All this is proof, if any were needed, of the genuine emotional connection that exists between a community and its bookshop. It’s so much more than a convenient place in which money is handed over in exchange for goods; it’s an ark of knowledge, artistry and ideas, and a space in which any book lover can wax lyrical to like-minded individuals about a shared passion. It’s a cornucopia of reading pleasure in which you can get a recommendation from a person, not an algorithm. It can be a safe haven for the anxious or the lonely, or a place that inspires children to embark on a lifetime of reading. It’s an outing to look forward to when you unwrap those book vouchers on your birthday, and a place to make and meet friends – or even, if you’re lucky, come face to face with your favourite author.
No cardboard box on the doorstep can ever compete with all that. I very much hope that there are enough people out there in agreement with me to ensure those bookshops that survive these difficult months will be there for many years to come.
If you’ve been reading my blog recently you may know I went for a job interview a couple of weeks ago. You’ll also know I didn’t get it, but the fact I came so very close to embarking on a completely new life (in the end it came down to a choice between me and just one other person) threw me into a state of reflection and self-evaluation the like of which I haven’t experienced for an extremely long time.
My original career plan was to go into publishing after graduation; I realised pretty quickly however that either living in or commuting to London were both out of the question due to my financial circumstances at the time. Instead I plumped for what I felt was the next best thing but what instead turned out to be the very VERY best thing: a career in bookselling. In fact, to start with it wasn’t even meant to be a career, rather a way of earning some money in a relevant field before I moved on to what I really wanted to do. Fifteen years and several bookshops later and I’m still here. I’ve been a shopfloor bookseller, a store manager and more recently have done some really interesting and fulfilling work in learning and development – but everything I do is grounded in books and the joy I find in them every single day.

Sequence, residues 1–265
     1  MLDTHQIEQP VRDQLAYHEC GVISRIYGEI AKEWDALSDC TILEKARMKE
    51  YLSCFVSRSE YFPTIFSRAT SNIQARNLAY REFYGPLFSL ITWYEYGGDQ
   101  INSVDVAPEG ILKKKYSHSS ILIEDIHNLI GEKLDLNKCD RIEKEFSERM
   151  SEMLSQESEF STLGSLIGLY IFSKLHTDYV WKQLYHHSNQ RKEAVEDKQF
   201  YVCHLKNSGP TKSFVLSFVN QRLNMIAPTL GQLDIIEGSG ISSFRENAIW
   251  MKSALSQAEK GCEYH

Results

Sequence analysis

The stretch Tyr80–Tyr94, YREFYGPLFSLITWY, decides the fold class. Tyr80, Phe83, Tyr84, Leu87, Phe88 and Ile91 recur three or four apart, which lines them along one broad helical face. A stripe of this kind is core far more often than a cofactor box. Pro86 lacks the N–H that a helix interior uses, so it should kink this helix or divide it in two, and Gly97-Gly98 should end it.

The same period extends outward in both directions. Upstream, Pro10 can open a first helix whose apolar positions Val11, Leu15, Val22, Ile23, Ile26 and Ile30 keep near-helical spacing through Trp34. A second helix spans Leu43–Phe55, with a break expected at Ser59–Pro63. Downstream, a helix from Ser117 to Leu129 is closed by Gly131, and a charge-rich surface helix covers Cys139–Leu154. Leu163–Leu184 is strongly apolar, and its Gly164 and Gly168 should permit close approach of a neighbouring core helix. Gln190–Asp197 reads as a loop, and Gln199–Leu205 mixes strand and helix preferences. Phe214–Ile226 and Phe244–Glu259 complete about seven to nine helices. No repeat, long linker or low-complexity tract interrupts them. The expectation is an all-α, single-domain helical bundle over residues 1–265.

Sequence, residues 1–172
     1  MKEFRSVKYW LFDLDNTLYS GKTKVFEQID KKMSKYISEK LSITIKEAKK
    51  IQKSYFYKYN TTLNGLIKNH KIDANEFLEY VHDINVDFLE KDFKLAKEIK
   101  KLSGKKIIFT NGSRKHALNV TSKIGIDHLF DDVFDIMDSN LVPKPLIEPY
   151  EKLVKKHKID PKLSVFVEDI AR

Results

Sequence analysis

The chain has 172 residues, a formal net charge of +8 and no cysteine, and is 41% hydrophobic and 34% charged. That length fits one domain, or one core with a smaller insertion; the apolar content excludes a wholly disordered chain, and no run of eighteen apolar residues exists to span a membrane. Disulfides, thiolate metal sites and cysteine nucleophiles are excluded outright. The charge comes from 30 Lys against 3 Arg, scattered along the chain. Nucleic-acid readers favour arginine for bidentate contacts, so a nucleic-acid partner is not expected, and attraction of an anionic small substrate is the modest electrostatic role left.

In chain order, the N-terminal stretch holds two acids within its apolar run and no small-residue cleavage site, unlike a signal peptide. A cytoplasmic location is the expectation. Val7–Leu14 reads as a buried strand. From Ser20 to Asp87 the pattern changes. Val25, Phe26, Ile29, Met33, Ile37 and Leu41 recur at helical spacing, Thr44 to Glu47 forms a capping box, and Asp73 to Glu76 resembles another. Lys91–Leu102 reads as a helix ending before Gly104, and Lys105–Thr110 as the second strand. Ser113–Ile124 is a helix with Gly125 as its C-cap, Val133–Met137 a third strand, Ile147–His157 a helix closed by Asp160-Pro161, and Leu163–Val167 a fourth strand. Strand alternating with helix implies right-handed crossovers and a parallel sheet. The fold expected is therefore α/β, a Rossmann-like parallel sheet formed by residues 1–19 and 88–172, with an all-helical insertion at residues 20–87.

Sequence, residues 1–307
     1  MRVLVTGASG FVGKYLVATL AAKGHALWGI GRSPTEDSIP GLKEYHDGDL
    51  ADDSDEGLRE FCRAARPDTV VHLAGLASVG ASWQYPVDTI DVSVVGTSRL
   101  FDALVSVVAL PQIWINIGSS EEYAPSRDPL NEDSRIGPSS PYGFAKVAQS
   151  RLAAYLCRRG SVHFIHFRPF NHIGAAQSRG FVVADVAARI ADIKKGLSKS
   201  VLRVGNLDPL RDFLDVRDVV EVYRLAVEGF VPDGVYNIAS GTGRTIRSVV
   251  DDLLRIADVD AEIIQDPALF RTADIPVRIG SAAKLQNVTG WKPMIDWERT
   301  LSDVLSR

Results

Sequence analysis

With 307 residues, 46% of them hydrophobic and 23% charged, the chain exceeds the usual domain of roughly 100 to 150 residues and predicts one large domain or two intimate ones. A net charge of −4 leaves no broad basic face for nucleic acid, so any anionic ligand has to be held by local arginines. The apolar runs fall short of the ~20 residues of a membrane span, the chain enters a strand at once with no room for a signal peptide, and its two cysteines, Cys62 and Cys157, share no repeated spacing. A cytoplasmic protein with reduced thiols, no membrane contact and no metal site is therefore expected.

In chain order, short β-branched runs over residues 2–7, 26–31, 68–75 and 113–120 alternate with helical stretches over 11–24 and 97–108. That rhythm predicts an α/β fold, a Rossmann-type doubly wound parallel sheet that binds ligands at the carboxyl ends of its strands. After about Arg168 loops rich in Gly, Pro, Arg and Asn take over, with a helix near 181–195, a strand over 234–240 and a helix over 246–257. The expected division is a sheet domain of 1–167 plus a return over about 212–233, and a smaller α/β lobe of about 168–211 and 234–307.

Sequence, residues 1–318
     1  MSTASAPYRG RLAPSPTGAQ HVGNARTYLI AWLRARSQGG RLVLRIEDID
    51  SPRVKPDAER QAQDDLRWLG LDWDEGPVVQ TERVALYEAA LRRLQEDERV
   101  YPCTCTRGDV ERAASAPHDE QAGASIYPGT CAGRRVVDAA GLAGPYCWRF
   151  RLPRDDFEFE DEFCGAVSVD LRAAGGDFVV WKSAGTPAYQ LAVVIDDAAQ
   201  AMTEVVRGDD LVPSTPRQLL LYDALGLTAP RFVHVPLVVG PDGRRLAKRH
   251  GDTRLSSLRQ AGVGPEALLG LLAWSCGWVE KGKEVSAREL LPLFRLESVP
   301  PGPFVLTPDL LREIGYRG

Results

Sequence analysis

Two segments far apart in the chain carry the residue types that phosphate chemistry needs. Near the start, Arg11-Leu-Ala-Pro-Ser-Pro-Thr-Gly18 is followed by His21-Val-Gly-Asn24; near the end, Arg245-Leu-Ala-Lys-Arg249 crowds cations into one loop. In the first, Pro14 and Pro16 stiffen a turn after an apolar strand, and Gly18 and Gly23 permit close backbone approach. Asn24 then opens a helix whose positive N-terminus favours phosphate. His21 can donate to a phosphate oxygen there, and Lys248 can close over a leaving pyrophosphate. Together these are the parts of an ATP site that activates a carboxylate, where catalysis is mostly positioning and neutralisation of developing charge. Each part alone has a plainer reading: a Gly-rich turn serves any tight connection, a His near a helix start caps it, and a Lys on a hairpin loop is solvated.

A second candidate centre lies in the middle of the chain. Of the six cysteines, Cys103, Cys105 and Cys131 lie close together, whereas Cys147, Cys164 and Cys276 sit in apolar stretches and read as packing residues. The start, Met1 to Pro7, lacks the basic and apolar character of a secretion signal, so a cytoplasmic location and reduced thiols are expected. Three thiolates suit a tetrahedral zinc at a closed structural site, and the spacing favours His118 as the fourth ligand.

And this new job? Well, it was pretty amazing. If I’d been successful I would have had an opportunity to travel all over the UK and to work with some of the leading figures in retail L&D. The responsibility and kudos attached to the role would have been something else. Yet as I sat on the train on the way home from the final assessment day I felt slightly sick. Not simply from the fear of change or nervousness about my ability to take on a new professional challenge but because – I realised later – I couldn’t imagine a life away from the world of books that had come to virtually define my existence for most of my adult life.